I saw, in an article on "Halachic Considerations of Firing Employees" by Rav Dovid Grossman of The Bais HaVaad Halacha Center:

Hagaon Rav Moshe Feinstein Zt"l writes a tremendous chiddush in regards to firing employees who are not classified as an Ani. He writes, that any time a worker is hired without term, it is as if they were hired forever. Therefore, unless you cannot afford to keep them as employees, they are not qualified for the job, or another new cause exists making it impossible to keep the worker, the employer simply can never fire them. Consequently, even if the boss would like to take his relative into the business, or a more qualified replacement is found (assuming the current employee is also considered qualified, albeit not as qualified), the employee cannot be fired. Therefore, if the boss needs the work done, and this employee can effectively perform this work, he must be kept on the payroll. The Chazon Ish and others argue and allow a boss to fire any employee who is not under contract. Wherever possible, one should be Machmir like Rav Moshe Zt"l.

(emphases his)

Is this prohibition actionable in Beit Din by someone who believes that he was unjustly fired by an employer who's also an observant Jew? How would one go about bringing such a case to Beit Din?

The type of case I have in mind: A person is being fired / demoted at the age of 66, one year away from retirement. This person has had no verbal or written reprimands, and, in fact, has received bonuses every year for good work. Both the employee and employer are observant Jews.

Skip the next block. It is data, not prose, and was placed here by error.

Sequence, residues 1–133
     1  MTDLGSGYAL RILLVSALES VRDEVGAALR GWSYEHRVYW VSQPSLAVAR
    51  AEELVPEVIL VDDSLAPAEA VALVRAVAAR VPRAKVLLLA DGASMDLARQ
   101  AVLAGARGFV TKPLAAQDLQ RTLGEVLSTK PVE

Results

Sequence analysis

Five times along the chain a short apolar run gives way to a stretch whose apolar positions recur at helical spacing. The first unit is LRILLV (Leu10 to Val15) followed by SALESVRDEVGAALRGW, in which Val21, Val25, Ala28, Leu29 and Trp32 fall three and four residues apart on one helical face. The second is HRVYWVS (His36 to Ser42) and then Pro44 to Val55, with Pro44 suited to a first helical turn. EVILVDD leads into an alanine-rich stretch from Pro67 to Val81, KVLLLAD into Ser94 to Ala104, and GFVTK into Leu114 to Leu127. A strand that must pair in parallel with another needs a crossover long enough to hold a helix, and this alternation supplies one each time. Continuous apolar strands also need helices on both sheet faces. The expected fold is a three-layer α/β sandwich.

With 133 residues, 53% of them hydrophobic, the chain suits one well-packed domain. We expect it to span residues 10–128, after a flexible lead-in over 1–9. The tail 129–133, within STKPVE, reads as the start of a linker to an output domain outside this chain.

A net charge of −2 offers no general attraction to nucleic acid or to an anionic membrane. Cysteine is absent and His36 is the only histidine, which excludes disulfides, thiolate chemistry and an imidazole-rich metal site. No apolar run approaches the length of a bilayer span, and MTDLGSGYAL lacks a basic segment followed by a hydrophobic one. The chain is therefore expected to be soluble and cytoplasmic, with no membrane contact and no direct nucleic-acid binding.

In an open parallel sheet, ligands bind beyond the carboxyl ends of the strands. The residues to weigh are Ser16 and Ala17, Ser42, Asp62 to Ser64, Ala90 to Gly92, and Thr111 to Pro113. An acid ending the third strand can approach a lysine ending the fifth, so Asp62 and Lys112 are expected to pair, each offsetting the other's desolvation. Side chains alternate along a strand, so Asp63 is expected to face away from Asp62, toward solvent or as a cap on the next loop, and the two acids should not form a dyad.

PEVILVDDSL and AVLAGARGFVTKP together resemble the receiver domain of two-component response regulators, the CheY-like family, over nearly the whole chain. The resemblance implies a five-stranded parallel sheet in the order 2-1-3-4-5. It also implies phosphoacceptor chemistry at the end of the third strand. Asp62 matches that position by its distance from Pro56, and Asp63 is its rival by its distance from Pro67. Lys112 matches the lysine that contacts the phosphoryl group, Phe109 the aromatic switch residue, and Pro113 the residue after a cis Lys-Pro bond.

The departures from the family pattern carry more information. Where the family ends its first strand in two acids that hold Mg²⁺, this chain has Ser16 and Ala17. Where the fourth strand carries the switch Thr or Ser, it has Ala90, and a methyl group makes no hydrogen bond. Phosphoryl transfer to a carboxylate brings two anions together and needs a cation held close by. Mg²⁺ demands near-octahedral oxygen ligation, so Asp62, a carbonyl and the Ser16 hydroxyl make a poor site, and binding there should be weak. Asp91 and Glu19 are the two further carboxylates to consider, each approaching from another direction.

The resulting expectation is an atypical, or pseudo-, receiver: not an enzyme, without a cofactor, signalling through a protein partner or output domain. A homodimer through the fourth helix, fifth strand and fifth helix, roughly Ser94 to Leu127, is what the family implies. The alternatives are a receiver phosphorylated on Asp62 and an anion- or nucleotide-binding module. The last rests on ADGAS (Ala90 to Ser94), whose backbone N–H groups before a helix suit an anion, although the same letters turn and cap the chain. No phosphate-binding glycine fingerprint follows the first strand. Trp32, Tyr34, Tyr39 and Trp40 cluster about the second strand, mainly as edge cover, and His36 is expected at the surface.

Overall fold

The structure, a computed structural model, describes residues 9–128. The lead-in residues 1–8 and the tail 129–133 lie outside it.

• Welcome to Mi Yodeya. Could you please edit to explain why you think the employee could take the employer to Beit Din, and what the case would be?
    – Scimonster
    Jul 21, 2015 at 7:21
  • Employee is essentially being forced into early retirement because he is a senior manager and not employable elsewhere at the age of 66. Furthermore, no reason for termination has been given
    – yagoodi
    Jul 21, 2015 at 8:00
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    @yagoodi Careful that this isn't a request for psak (RFP). The details of your question are VERY specific. Regardless, why couldn't the employee go to B"D? The worst that could happen is that they disagree with the assessment. Thing is, AFAIK there's no discussion/halachic source for age discrimination, so at best this would be a violation of acting dishonestly (והייתם נקיים ), but CYLOR. Jul 21, 2015 at 8:06
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    @Scimonster I think the part you edited into the question is really an answer.
    – Daniel
    Jul 21, 2015 at 12:19
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    Were you quoting that from here? It looks like a lot of the same words.... (cc @Scimonster)
    – MTL
    Jul 21, 2015 at 13:27

1 Answer 1


He could try, but I doubt he'd get very far.

Rabbi Michael Broyde has written and spoken about this. Unless otherwise specified, we assume agreements are done k'minhag hamedina, according to the prevailing local practice. In the US, at least, employment is generally "at-will", which means a worker can be laid off with not justification needed.

The one exception is a longstanding tradition we have regarding severance pay for jobs of a religious nature, e.g. a rabbi or Judaics teacher. (Brisman vs. HAFTR addressed this, especially as the teacher's contract stipulated that the Beth Din of America would handle disputes. The Beth Din ruled that halacha stipulates strong employment protection for Judaics teachers, and on appeal, the courts upheld that as an arbitration agreement.)

Here's the contact info for the Beth Din of America; but absent anything stipulated, unless the job title is religious in nature, I doubt anything would come of it.

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    The OP hasn't stated this is the USA. Looking things up retirement age in the USA is 66 at present, but in Israel is 67. So maybe this is Israel?
    – CashCow
    Jul 21, 2015 at 14:12
  • yes, it is Israel. Good call
    – yagoodi
    Jul 21, 2015 at 14:43

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